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Political Silly Season in the UK

Posted in Retail,UK by Cheryl Morgan on the September 22nd, 2008

Party conferences are always a time for posturing and staking out of positions. Thus far the Labour Party has refrained from requiring Gordon Brown to fall on his sword, but with opinion polls predicting an electoral disaster of unprecedented proportions there is plenty of rushing around looking for policy positions that might revive the party’s flagging popularity.

Business Secretary, John Hutton, being in the hot seat and unable to say anything too silly, is holding out for a common sense solution. He warned the party that, regardless of what Greenpeace, juries and NIMBYs might say, coal and nuclear power are essential to the UK’s energy security:

No coal plus no nuclear equals no lights. No power. No future.

But elsewhere free thinking was in full flow. Brown and his Chancellor, Alistair Darling, have been stoutly refusing calls for a windfall tax on energy companies. However, outside of the Cabinet, there have been calls not just for increased taxation, but for nationalization. Former minister Michael Meacher said:

Is this government on the side of big business or is it on the side of the fuel poor? If privatisation of energy is going to lead to this massive exploitation and stuff the consumer, then, yes, we should be thinking again about having a public sector role in our energy sector.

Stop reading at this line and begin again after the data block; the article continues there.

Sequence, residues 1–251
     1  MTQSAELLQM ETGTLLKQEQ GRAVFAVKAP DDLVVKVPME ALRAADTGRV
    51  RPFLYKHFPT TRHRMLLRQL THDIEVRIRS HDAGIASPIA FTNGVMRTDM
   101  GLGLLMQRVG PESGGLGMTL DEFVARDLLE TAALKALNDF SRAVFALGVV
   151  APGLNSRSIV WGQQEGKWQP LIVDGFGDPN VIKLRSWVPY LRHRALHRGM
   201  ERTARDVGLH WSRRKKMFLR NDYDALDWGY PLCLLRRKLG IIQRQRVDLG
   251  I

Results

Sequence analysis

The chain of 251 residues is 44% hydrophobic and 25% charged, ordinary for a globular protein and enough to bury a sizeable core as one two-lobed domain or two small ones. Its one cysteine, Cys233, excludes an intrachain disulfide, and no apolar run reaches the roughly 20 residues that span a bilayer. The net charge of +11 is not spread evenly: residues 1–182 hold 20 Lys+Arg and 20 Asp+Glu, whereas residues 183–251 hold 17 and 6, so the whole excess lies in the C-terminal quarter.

While Tony Woodley, joint general secretary of the UK’s largest union, Unite, went even further:

If they [the power companies] still don’t get the message, this government should consider taking these essential industries – gas, electricity, water – back under public ownership.

Is that likely? Well, state ownership doesn’t appear to be much of a problem for Mr. Bush, so why not? Also the UK is bitterly regretting its initial enthusiasm for privatization, which saw its energy companies split up into small units that were later gobbled up by “national champions” from around Europe. There is also an argument that, as far as residential consumers go, retail competition has been a dismal failure. Householders are simply not interested in switching suppliers, at least not for the small savings possible in a market where all of the choices are seen as equally horrible and new entry is pretty much impossible. On the other hand, this is no longer a question of bullying UK companies. To re-nationalize energy supply the British government would have to buy out companies based in France, Germany and Spain. Questions, I suspect, would be asked in Brussels.

What is more likely is that the government will pressure Ofgem to place limits on the size of retail price rises. Supply companies will then need to manage their future cash flows rather more carefully (something that will put a damper on what little competition exists). France apparently already has such a system, so there is reasonable precedent.

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